Whoever it was that abandoned the box of chickens on a Cowichan Lake resident’s driveway recently certainly isn’t the first to cast away an unwanted animal in such despicable fashion.
We’d love it if they would be the last.
They certainly proved themselves unworthy of owning animals. Owning animals requires a lot of responsibility — you take on a duty of care. That duty of care isn’t something that can just be cast aside when someone gets bored of the work, or encounters an unexpected problem.
These are things that should be considered before someone goes out and buys a pet, or, like in this case, a farm animal. How many pigs get abandoned because someone doesn’t do adequate research on just how big their new buddy is going to get? How many chickens get turfed out a car door to become someone else’s problem because the shiny new owner got roosters, or just didn’t want to care for them anymore?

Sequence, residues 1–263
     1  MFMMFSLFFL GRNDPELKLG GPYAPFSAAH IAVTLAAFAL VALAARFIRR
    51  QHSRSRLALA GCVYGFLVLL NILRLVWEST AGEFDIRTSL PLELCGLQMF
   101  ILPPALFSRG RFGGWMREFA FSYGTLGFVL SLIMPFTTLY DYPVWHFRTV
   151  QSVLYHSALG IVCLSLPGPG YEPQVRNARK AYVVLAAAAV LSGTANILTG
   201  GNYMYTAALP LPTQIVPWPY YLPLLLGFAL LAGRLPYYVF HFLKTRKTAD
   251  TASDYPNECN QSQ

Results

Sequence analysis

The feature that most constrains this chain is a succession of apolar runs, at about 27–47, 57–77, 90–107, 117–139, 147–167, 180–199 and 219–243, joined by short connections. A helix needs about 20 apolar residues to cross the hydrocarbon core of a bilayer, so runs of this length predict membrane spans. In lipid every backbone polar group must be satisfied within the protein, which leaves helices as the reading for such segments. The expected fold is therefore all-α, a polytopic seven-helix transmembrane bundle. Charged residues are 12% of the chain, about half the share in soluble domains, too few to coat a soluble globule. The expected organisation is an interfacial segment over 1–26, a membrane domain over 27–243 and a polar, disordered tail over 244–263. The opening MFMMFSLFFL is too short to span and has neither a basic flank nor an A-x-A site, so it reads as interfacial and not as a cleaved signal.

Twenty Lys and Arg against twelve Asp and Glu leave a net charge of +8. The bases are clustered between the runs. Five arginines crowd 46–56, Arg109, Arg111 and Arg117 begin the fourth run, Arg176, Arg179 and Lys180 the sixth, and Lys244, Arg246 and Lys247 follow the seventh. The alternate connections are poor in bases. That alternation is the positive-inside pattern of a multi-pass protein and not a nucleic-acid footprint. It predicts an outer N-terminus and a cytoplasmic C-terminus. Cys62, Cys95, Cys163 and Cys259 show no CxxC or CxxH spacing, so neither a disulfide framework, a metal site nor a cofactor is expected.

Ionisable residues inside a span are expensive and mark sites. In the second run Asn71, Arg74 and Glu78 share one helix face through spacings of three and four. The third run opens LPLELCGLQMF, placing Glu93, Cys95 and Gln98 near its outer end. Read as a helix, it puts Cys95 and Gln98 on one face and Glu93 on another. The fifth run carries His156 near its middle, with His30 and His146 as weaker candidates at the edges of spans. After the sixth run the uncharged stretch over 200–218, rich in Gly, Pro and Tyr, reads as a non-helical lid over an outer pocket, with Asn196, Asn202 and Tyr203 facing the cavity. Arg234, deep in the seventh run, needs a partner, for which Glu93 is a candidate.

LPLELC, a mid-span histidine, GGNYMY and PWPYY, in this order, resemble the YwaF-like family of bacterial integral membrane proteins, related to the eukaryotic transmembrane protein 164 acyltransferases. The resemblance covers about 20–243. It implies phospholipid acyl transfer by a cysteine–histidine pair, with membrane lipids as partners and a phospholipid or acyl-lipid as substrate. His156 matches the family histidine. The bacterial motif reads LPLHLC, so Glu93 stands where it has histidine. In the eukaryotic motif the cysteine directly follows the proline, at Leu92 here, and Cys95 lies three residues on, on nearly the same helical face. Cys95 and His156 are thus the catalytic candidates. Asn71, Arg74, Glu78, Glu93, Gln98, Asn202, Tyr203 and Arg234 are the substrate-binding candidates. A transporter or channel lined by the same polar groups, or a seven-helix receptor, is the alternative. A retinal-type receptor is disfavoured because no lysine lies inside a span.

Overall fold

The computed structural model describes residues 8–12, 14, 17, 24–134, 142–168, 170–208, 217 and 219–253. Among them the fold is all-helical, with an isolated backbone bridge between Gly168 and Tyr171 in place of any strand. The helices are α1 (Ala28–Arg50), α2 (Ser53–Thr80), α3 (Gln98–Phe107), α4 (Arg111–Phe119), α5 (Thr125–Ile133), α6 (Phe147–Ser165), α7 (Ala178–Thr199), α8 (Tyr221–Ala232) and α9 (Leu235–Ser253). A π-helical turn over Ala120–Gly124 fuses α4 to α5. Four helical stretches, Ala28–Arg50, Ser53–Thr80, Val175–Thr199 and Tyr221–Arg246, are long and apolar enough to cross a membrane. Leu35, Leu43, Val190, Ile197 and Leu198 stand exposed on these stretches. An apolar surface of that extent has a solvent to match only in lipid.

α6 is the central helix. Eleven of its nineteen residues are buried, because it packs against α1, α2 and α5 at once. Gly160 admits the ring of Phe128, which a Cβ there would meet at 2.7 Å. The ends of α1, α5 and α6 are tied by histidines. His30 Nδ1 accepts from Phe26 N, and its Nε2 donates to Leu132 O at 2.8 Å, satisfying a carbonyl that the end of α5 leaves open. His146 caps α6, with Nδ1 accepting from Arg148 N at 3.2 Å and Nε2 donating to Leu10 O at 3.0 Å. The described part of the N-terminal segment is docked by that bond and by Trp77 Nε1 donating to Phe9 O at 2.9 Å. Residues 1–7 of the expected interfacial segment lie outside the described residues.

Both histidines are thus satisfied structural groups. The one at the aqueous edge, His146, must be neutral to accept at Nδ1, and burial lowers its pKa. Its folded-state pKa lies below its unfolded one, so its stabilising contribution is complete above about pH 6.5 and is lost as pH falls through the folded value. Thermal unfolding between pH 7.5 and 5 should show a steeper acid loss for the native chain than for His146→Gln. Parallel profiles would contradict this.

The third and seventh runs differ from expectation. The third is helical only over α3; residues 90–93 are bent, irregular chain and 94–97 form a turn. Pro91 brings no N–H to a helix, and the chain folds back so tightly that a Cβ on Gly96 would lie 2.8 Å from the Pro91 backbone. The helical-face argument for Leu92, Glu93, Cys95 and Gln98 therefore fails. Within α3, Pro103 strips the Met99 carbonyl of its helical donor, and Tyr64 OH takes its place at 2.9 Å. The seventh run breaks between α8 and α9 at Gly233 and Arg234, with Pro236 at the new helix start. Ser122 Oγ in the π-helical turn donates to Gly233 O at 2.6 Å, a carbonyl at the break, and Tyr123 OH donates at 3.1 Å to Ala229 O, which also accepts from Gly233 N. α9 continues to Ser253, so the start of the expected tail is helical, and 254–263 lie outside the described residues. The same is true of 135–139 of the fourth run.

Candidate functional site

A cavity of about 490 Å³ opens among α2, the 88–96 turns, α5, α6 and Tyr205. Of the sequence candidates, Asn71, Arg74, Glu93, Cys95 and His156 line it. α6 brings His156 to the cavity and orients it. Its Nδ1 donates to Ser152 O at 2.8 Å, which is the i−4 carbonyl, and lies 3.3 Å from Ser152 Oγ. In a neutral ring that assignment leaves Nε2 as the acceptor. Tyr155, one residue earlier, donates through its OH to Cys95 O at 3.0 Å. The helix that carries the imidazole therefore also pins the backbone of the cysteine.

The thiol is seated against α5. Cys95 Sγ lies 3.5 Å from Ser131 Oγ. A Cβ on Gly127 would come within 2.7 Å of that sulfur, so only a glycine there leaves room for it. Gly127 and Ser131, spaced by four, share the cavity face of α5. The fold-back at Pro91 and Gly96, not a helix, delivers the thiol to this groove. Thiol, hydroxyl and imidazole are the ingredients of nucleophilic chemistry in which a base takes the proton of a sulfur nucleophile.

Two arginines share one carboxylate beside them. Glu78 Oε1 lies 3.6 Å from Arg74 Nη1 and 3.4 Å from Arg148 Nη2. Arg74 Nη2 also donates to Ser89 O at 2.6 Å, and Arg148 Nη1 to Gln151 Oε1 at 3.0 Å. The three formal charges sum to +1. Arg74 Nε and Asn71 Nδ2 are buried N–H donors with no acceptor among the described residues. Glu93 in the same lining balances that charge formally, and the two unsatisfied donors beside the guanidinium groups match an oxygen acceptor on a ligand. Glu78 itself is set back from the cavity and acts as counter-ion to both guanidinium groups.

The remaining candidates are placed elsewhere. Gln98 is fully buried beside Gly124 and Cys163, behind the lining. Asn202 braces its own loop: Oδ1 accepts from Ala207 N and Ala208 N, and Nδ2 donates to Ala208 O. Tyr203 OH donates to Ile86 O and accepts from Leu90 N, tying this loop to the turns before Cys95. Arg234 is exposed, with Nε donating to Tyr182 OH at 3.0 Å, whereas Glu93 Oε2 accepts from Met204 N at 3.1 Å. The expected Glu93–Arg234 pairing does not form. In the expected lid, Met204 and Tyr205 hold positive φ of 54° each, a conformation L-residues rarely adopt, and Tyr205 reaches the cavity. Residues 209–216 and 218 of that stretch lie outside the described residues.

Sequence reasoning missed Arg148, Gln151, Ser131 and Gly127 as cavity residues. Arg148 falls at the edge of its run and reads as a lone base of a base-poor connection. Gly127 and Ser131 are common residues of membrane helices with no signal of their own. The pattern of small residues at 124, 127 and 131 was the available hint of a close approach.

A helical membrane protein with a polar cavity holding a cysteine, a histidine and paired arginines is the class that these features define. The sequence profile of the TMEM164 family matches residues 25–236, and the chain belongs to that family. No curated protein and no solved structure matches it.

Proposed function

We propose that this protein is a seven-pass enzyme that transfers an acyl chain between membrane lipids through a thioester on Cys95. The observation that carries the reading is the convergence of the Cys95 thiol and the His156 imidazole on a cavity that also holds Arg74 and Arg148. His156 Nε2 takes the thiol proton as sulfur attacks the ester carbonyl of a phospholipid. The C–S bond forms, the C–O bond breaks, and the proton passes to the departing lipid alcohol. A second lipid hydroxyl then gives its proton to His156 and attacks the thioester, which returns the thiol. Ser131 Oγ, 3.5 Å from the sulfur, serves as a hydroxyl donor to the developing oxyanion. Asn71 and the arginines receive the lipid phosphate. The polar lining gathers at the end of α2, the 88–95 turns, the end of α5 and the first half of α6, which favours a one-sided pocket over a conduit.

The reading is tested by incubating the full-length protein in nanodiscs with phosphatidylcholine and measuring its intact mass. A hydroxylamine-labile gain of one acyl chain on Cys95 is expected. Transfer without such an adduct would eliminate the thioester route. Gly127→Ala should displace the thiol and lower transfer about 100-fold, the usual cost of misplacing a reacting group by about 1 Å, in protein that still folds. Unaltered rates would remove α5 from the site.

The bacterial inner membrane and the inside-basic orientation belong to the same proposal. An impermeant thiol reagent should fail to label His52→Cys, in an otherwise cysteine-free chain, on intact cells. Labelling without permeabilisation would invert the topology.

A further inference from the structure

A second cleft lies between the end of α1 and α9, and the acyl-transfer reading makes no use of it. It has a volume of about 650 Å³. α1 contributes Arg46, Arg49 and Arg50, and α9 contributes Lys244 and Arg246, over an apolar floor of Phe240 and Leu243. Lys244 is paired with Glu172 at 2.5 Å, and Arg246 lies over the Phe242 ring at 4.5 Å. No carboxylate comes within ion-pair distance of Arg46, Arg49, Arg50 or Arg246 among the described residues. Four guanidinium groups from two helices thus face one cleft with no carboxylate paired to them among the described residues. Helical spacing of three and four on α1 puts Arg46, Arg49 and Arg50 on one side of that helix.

How many cats get left behind when somebody moves? How many dogs are taken for a drive out into the country and left behind the screeching tires of their former, horrible, owners?
You see, the thing is, while these are animals, that doesn’t mean they have any skills to survive in the wild suddenly. Your dog or cat is used to having food delivered to it daily, by you. They’re used to a nice, warm house. In some cases they’ve never even been outdoors at all.
Abandoning a domesticated animal in the wild is most likely a death sentence. Just a really, really cowardly one, delivered by you.
And it’s really not that much different for fowl used to eating grain and scraps from a bowl, water provided.
Sometimes survival instincts can lead to amazing stories, but more often than not, your former pet won’t last more than a few days or weeks, if they’re lucky.
First, if you’re not ready to take on all of responsibilities an animal can bring, don’t get one. Second, if for some reason something comes up and you can no longer care for an animal, there are far better, kinder ways to deal with the situation. Animal rescue societies abound that will take in and shelter your pet, and hopefully find it a new home. Even farm animals like chickens or pigs. Third, if you’re looking to get a pet, check out our local animal rescue organizations first.
Be a hero to an animal, not a deadbeat owner.
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